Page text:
Reference address :

ELPENOR - Home of the Greek Word

Three Millennia of Greek Literature

An Introduction to the Orations of St Gregory the Theologian

Gregory Theologian Bilingual Anthology, Resources Online and in Print


Icon of the Christ and New Testament Reader

17 Pages


S. Gregory Nazianzen, called by the Ecumenical Council of Ephesus "The Great," and universally known as "The Theologian" or "The Divine," a title which he shares with S. John the Evangelist [and St Symeon the New Theologian - {Elpenor's note}] alone among the Fathers of the Church, was, like the great Basil of Caesarea and his brother Gregory, Bishop of Nyssa, by birth a Cappadocian. He was born at Arianzus, a country estate belonging to his father, in the neighbourhood of Nazianzus.

This latter, sometimes called Nazianzum, is a place quite unknown to early writers, and derives all its importance from its connection with our Saint. The Romans seem to have called it Diocaesarea. This would place it in the south-western portion of the district called Cappadocia Secunda, a sub-division of the Province, which had previously included the whole country of Cappadocia under the Prefect of Caesarea. The Emperor Valens made the division for financial purposes about a.d. 371, and assigned Tyana as its civil Metropolis, and, as we shall see, thereby caused an ecclesiastical quarrel which had considerable effect on the life of S. Gregory. Tyana was situated at no great distance south and east of Nazianzus, which place is usually identified with some interesting ruins about eighteen miles south-east of Ak Serai, on a rocky platform at the foot of the mountains called Hassan Dagh. Amongst other ruined buildings here are the remains of three Byzantine churches of great age, but more recent than the rest of the town.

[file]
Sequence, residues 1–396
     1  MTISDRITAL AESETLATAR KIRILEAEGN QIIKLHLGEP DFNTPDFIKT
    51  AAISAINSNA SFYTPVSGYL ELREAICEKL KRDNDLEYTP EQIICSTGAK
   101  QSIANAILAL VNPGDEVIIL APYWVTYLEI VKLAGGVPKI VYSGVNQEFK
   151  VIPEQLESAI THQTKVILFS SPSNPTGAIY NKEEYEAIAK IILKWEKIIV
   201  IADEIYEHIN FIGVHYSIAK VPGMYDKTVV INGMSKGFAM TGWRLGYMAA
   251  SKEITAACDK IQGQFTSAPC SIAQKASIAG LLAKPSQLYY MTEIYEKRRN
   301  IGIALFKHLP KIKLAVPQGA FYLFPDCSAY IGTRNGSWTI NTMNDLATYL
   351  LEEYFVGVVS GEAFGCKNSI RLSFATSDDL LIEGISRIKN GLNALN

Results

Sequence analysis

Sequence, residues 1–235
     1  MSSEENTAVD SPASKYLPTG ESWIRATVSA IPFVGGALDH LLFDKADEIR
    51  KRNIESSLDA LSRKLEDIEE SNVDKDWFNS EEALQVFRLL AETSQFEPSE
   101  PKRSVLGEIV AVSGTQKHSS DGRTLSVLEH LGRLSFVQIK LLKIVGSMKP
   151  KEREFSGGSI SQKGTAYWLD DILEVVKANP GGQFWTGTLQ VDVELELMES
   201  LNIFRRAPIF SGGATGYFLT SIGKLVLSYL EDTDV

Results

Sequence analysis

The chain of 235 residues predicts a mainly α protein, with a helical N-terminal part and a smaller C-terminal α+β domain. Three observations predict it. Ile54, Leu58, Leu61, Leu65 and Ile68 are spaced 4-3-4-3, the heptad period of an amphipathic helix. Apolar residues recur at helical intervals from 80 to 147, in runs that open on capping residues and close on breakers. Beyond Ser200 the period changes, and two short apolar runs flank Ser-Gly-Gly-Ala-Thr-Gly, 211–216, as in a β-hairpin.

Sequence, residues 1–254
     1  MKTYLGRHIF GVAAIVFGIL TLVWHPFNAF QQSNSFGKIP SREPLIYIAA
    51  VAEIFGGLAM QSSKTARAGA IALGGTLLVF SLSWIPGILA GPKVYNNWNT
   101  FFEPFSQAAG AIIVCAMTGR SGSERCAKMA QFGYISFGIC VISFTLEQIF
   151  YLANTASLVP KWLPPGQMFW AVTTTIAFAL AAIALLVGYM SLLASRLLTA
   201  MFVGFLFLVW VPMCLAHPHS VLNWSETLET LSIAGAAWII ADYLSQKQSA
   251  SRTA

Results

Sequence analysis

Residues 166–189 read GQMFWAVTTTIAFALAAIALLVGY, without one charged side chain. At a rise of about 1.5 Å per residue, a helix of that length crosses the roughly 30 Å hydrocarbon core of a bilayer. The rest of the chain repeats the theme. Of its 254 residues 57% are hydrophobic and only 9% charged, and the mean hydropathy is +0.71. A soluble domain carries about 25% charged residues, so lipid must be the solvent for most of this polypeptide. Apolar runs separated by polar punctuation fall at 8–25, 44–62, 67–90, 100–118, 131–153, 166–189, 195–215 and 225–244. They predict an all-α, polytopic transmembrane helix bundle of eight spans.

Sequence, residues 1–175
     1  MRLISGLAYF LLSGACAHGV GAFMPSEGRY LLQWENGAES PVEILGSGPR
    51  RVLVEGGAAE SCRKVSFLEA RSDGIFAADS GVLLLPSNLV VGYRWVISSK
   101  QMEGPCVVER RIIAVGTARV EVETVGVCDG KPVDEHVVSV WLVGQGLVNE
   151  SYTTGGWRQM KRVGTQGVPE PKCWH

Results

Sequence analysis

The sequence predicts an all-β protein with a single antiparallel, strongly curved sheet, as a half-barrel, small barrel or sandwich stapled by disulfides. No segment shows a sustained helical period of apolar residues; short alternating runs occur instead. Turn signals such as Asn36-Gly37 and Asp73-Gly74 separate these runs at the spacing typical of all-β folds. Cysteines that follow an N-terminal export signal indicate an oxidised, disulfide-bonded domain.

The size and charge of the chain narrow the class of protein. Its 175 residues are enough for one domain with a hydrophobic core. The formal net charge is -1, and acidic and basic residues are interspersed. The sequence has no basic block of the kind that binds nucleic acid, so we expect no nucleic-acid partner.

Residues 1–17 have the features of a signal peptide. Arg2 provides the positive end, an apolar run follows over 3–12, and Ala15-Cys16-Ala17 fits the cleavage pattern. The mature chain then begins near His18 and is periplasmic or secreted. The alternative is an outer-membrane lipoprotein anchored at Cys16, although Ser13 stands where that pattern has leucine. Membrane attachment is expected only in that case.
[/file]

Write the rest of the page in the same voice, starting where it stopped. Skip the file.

His father, who bore the same name with himself, had originally belonged to an obscure sect called Hypsistarians or Hypsistians, of whom we know little except what we learn from Gregory of Nazianzus and his namesake of Nyssa. They seem to have held a sort of syncretist doctrine, containing elements derived from heathen, Christian, and Jewish sources. They were very strict monotheists, rejecting both polytheism and the doctrine of the Trinity, and worshipping the One Supreme Being under the names of The Most High and The Almighty, and the emblems of Fire and Light, but with no external cultus; for they rejected sacrifice and every outward form of worship, holding adoration to be an exclusively interior and spiritual act. With singular inconsistency, however, they adopted the observance of the Jewish Sabbath, and the Levitical prohibition of certain kinds of food. They were but few in number, and their influence was insignificant even in Cappadocia, which was the headquarters of sect. [2525] From this form of error the elder Gregory was converted by the influence of his wife, Nonna; and soon after his conversion was consecrated to the bishopric of Nazianzus.

[2525] ek duoin enantiotatoin sunkekramenes, hellenikes te kai nomikes terateias; hon amphoteron ta mere phugon, ek meron sunetethe. Tes men gar ta eidola kai tas thusias apopempomenoi, timosi to pur kai ta luchna; tes de to sabbaton aidoumenoi kai ta peri ta bromata estin ha mikrologian, ten peritomen atimazousin.—Or. xviii. 5.

Next Page of the Introduction to the Orations of Gregory the Theologian
The Authentic Greek New Testament Bilingual New Testament I
St Gregory Theologian Home Page ||| More Church Fathers

Elpenor's Free Greek Lessons
Three Millennia of Greek Literature


Greek Literature - Ancient, Medieval, Modern

St Gregory Theologian Home Page   St Gregory Theologian in Print

Learned Freeware

Reference address :